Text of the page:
The Aboriginal Land Rights Movement

By Max Charlesworth | Go to book overview

This aspect of the land rights movement has been emphasised particularly in Canada and it is worthwhile citing here Mr Justice Thomas R. Berger in the Report of the MacKenzie Valley pipeline inquiry ( 1977):

All of our experience has shown that the native people are not prepared to assimilate into our society. The fact is, they are distinct from the mass of the Canadian people racially, culturally and linguistically. The people living in the far-flung villages of the Canadian North may be remote from the metropolis, but they are not ignorant. They sense that their determination to be themselves is the only foundation on which they can rebuild their society. They are seeking--and discovering--insights into the relationship between that society and their own. They believe they must formulate their claims for the future on that basis.

Mr Justice Berger goes on to speak of the need for 'new political institutions that will give meaning to native selfdetermination' within the constitutional framework of Canadian society.

So far in Australia not a great deal of detailed thinking has been done about what the Aboriginal demand for autonomy and self-determination might involve, nor about the kind of new political institutions that would be needed to make selfdetermination effective. In a recent essay Professor Colin Tatz has written as follows:

What Aborigines have not done yet--and one may argue that they shouldn't have to do it--is to enunciate an ideology of Aboriginality that is addressed to the white world, that expresses a coherent body of thoughts and ideas that embraces their interaction and involvement with our world. In short, there is as yet no intellectual and/or religious dynamism that conceptualises black consciousness and voluntary separation to the white world, perhaps even to themselves. And such is necessary if they are going to be perceived differently.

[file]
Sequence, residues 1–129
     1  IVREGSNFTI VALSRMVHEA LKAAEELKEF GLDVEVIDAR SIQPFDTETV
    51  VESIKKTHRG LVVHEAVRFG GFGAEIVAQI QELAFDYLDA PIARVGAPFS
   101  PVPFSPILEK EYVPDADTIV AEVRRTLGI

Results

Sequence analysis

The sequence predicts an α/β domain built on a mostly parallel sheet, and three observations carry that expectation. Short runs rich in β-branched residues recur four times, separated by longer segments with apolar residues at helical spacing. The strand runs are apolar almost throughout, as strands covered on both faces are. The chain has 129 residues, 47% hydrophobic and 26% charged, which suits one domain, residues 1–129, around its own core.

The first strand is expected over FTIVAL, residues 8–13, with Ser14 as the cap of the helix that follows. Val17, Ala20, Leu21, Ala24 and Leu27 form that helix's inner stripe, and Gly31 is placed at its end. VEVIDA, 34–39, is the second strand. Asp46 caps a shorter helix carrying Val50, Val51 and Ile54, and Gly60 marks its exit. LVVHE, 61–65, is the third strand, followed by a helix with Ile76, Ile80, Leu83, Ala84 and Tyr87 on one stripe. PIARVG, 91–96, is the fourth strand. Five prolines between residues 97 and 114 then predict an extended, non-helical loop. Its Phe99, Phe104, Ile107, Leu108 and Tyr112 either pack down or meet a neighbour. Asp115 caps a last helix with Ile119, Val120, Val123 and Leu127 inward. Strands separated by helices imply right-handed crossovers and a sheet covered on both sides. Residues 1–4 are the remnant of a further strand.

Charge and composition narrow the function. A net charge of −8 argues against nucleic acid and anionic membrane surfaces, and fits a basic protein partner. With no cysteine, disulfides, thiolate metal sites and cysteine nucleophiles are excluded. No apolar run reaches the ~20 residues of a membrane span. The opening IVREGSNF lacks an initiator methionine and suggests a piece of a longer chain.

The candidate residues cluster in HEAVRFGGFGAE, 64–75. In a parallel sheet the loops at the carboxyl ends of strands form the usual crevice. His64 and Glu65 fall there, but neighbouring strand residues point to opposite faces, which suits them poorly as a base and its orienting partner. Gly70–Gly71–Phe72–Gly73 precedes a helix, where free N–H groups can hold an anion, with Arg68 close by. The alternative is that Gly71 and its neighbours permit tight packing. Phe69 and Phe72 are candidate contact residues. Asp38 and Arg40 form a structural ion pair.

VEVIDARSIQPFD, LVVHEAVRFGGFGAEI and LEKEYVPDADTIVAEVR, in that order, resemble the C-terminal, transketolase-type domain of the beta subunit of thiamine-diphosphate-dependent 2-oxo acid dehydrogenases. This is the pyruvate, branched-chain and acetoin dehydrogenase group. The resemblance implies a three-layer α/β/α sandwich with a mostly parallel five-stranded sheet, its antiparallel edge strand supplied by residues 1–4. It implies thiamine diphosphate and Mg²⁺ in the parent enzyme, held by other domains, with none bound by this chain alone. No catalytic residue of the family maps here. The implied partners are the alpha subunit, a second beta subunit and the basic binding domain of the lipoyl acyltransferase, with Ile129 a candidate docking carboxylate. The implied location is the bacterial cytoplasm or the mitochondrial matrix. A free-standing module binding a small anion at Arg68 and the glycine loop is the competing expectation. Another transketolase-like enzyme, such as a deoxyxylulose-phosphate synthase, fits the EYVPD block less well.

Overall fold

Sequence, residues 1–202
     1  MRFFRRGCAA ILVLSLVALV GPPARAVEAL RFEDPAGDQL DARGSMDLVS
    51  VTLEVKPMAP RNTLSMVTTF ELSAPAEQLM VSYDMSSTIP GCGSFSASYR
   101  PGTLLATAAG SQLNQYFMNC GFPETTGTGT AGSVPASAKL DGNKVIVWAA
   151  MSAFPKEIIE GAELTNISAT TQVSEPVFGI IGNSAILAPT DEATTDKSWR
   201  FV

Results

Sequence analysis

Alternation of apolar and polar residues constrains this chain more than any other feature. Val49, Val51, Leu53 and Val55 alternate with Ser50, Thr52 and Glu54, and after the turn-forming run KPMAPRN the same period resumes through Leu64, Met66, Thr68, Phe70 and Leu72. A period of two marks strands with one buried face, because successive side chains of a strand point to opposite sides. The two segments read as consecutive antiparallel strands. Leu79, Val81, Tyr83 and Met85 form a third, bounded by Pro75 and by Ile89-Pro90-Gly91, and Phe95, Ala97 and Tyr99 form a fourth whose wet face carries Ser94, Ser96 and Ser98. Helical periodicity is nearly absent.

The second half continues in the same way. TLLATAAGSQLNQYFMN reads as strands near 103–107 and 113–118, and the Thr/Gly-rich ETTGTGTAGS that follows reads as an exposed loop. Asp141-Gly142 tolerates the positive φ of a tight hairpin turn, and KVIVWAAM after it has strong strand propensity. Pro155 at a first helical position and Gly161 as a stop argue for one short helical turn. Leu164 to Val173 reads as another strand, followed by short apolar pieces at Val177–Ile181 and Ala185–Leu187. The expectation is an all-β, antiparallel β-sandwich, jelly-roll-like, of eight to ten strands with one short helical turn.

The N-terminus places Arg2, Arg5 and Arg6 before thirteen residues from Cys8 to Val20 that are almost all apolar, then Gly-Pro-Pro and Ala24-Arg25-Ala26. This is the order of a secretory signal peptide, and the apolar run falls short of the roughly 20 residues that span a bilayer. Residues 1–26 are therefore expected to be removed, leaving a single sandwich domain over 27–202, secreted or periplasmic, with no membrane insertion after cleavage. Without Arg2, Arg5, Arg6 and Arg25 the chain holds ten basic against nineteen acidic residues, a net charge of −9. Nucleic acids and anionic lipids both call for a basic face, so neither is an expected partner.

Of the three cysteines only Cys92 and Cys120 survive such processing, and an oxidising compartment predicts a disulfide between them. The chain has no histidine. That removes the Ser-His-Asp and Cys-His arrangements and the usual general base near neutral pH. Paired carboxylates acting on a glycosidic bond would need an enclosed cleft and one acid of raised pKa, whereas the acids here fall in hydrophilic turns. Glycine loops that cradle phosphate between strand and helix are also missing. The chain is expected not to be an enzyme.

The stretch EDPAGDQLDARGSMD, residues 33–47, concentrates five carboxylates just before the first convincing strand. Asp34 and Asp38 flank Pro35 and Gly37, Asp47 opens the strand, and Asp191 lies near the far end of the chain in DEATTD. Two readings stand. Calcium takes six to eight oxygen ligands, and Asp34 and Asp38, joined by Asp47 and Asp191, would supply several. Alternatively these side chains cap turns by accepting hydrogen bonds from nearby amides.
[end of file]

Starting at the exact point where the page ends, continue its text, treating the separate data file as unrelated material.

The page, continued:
Tatz goes on to speak of the lack of direction in the land rights movement:

There are many forms of political nationalism and some are concerned with land as a base and as a basis. Simon Dubrow distinguishes three types of nationalism: tribal. politicalterritorial and, probably the highest form of all, culturalhistorical or spiritual (in the Zionist sense). At this stage I am not aware of any coherent expression of any of these landbased nationalisms: and such expression is necessary if Aborigines are to win the political battle for land concession.

'For now', Tatz concludes, 'the Federal Council for the Advancement of Aborigines and Torres Strait Islanders--as changed in name to the National Aboriginal and Islander

-45-

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The Aboriginal Land Rights Movement
Table of contents

Table of contents

  • Title Page 1
  • Contents 3
  • Introduction 4
  • The Land Rights Movement 6
  • Who Owns Australia? the Legal Basis 12
  • Aboriginal and European Relations in Australia 16
  • A History of the Land Rights Movement 20
  • Traditional Owners 27
  • Land Rights: the Present Situation 41
  • Conclusion 45
  • Resource Materials 49
  • Select Bibliography 51
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